From Torremolinos I took the metro to Malaga, where I took a train to Cordoba. I stayed two nights in a guesthouse in the old Jewish Quarter. Cordoba has the highest summer temperatures in the whole of Europe. And with 36 degrees Celsius in the afternoon it was already very hot to stroll around in the historic centre.
Cordoba was a Roman settlement on the right bank of the Guadalquivir, taken over by the Visigoths, and followed by the Muslim conquests in the eighth century. In that time Cordoba became the world leading centre of education and learning and the second largest city of Europe. In 1236 Cordoba was conquered by the Christian conquest. The large history still shows off by examples of Moorish architecture, such as the Mezquita-Catedral.
During my stay Cordoba hosted its annually Festival de los Patios. Many houses of the historic centre opened their private patios to the public and compete in a contest in floral decorations.
Although the covid pandemic was still active, I went a week to Gran Canaria to enjoy some sunshine. I stayed in an all inclusive hotel, where we still had to wear a face mask. And also in supermarkets a face mask was mandatory. The festivities for Winterpride 2021 were reduced to limited access by the need for tickets for the concerts. However the Yumbo centre was still packed. And (mainly) Germans started off the carnaval season (11/11) on the beach.
Autumn in Europe equals low temperatures, grey skies and rainy days. But not at the Spanish Canary Islands! So I escaped the cold and the rain to enjoy a week in the sun in Gran Canaria. During this week the Maspalomas Winterpride took place as well. During the days I spend most of my time on the beaches of Playa del Ingles and Maspalomas (next to the famous Maspalomas dunes). On saturday I joined the Pride Walk. And in the evenings I partied at the Yumbo centre, where every night performances were done by o.a. 2Unlimited, Tara McDonald, Berget Lewis and several DJ's.
Since I enjoyed the beautiful beach on Mallorca in 2018, I decided to visit another Balearic island this year. I took a direct flight from Eindhoven to Ibiza (Eivissa). From the airport it was just a short bus ride to my apartment on Playa Figueretes in Ibiza Town.
Although Ibiza is famous as a party-island, I spend most of my time in the Old Town (Dalt Vila) or at one of the beaches on the southern tip of the island (behind the salt flats and the National Park of "Ses Salines") and on the neighbouring island of Formentera.
Ibiza Dalt Vila is a huge walled fortress on a hilltop surrounding a cobbled street town. From the city walls there is an amazing view on the harbour (with its yachts and jet set) on the one side and the bay of Playa Figueretes and PLaya d'en Bossa on the other side.
Just 7 kilometres south of Ibiza lies Formentera, the smallest of the Balearic Islands. The island is 19 kilometres long, has no airport and a population of under 10.000 people living there. In the peak season (July-August) the island is overwhelmed by Italian tourists.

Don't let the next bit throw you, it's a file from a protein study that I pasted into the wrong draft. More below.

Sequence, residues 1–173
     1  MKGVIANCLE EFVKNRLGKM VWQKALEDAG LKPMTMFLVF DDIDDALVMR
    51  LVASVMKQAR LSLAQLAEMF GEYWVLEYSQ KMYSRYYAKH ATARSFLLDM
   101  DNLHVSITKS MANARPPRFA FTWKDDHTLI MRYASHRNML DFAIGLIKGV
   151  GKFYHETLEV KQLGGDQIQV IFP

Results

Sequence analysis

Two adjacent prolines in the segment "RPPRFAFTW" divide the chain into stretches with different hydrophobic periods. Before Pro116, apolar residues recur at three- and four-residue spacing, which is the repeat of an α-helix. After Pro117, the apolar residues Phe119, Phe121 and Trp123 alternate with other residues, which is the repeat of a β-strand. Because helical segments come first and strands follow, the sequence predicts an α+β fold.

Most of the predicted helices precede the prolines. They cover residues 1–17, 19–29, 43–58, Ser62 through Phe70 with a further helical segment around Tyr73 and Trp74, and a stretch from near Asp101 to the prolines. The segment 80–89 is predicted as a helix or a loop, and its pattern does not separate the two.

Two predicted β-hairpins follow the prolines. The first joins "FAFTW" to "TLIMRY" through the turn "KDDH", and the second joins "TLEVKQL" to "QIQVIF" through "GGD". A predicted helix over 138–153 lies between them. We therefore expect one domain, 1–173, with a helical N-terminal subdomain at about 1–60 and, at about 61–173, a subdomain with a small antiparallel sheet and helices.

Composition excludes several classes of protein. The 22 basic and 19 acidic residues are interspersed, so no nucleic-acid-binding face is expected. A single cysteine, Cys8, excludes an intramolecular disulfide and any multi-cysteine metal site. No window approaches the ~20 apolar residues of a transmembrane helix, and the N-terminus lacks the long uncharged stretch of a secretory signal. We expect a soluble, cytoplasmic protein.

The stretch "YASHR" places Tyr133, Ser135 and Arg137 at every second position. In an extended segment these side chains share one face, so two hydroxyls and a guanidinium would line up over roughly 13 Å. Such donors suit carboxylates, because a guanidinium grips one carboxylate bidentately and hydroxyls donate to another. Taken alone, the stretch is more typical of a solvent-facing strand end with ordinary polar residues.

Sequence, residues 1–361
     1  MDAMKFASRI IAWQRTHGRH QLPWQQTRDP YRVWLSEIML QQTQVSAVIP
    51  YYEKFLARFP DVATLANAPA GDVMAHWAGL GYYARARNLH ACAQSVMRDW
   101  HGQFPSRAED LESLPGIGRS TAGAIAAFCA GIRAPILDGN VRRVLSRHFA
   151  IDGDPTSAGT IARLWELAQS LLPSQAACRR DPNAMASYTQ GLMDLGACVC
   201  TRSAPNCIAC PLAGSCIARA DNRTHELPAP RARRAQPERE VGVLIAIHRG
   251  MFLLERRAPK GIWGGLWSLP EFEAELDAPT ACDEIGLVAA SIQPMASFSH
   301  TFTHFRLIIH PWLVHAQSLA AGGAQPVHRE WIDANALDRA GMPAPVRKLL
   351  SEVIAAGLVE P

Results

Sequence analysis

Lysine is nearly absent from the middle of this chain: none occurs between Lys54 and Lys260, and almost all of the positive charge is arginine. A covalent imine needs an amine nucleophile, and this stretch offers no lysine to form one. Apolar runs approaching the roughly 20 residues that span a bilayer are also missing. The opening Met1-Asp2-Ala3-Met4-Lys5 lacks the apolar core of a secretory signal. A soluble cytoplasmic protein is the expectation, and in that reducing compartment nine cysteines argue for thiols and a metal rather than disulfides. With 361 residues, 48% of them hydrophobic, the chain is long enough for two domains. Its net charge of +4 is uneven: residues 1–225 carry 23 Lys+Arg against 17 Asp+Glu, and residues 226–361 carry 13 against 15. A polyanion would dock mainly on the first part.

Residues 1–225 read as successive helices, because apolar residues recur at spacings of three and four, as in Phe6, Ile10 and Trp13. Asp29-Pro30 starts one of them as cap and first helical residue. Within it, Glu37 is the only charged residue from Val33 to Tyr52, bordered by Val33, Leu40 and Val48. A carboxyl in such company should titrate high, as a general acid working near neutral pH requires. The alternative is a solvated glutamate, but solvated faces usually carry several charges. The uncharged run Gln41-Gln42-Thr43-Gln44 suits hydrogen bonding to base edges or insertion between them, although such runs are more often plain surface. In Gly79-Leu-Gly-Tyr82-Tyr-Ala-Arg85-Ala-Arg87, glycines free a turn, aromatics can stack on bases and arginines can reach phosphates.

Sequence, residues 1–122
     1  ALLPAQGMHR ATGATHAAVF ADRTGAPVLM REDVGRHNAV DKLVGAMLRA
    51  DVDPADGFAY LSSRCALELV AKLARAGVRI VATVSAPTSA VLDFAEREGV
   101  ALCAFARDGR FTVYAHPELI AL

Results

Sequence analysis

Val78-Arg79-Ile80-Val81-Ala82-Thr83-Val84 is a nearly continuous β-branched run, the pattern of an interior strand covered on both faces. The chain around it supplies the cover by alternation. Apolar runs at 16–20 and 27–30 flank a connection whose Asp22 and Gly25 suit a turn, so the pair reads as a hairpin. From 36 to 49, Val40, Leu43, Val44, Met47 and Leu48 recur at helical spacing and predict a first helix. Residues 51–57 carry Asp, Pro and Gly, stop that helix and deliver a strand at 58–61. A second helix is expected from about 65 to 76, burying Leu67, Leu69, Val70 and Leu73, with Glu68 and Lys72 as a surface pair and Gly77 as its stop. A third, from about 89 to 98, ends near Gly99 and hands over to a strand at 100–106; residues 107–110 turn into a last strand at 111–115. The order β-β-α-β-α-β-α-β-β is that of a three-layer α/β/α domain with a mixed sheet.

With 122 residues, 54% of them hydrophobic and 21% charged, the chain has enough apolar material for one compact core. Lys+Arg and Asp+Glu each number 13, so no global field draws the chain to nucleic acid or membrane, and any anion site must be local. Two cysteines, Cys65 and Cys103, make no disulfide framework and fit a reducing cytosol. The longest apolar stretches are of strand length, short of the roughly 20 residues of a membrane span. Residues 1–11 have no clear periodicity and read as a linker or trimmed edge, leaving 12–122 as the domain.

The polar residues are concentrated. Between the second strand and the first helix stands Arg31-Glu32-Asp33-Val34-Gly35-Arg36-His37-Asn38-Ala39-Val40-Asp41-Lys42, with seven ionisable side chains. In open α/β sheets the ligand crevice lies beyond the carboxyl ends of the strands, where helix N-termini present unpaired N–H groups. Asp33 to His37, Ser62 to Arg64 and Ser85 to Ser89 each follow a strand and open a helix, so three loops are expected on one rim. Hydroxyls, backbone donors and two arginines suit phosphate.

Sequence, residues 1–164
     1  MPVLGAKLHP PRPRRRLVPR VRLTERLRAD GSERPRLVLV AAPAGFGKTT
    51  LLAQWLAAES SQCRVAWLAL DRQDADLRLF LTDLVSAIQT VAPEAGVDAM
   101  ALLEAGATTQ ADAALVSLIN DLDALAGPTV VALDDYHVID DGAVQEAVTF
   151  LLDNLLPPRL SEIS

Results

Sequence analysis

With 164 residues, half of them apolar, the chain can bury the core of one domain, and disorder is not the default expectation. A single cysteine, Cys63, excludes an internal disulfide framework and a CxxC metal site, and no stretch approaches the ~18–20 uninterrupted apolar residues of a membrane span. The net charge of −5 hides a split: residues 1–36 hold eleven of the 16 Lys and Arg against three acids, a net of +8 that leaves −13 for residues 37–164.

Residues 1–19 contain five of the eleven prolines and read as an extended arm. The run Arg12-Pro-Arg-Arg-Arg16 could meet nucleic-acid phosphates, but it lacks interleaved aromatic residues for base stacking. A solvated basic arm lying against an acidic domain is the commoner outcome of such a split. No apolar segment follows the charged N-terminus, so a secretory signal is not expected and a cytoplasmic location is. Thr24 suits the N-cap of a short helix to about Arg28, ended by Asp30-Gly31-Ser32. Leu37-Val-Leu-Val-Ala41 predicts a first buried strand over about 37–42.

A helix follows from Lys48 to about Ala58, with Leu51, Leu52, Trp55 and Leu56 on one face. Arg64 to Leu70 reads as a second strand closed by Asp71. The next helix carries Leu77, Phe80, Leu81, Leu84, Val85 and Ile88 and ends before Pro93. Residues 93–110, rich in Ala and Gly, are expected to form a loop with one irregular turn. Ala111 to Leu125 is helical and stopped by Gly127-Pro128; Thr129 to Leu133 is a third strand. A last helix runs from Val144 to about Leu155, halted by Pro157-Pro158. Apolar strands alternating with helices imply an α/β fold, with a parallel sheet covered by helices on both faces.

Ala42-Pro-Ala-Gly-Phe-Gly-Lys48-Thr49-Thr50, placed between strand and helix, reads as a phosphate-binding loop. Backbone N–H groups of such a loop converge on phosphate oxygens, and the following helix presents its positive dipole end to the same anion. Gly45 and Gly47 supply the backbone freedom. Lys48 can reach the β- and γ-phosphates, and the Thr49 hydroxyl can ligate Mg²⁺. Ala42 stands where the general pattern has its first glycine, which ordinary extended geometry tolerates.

When staying in Ibiza town I took a boat that got me in the Formentera harbour within an hour. Because the island is flat and sandy I discovered the northern part of the island by foot. Here are some unspoilt almost Caribbean beaches with clean sand and transparent water. Real paradise!
In search of some late October sunshine, I booked a ticket to Malaga, a city on the Spanish Costa del Sol. Although it is supposed to be sunny here 300 days a year, during my stay half of the time the sky was covered by clouds. Still the temperature was perfect to wander around the streets of Malaga.
The size of Malaga is best seen from the Gibralfaro hill. On the foot of this hill lies the Alcabaza castle and the Roman Theatre. From here the old historic centre, the harbour and the city-beach Malagueta are all within a short walking distance away.
As usual I wanted to work on my tan as well. So when the sun was out, I spend my time in the infinity pool on the rooftop of my hotel in the resort town of Torremolinos or at one of the beaches just outside Malaga.
European summer is in full swing and I decided to put my towel on a Mediterranean beach for a week. Since I had never been to the Spanish Balearic island, I chose Mallorca as a destination.
I expected Mallorca to be very touristy and when I arrived on the Palma de Mallorca airport my prejudice was directly confirmed by the amount of incoming flights from all over Europe. My hotel was situated in C'an Picafort on the Northern Bay of Alcudia. This resort town is popular among the Germans, resulting in being spoken to in German in supermarkets and restaurants. Thanks to the internet I found some less-touristy restaurants for my evening diners.
The beach in front of C'an Picafort was crowded by families. Though after 45 minutes walking along the beach I found a more relaxing area in from of the natural reserve of S'Albufera on the Es Comú beach. This virgin stretch of more than five kilometers of white sand is bordered by dunes and pines. The crystal blue waters had shallow slopes and the northern breeze brought some refreshing air during the "baking and book-reading days" on the beach.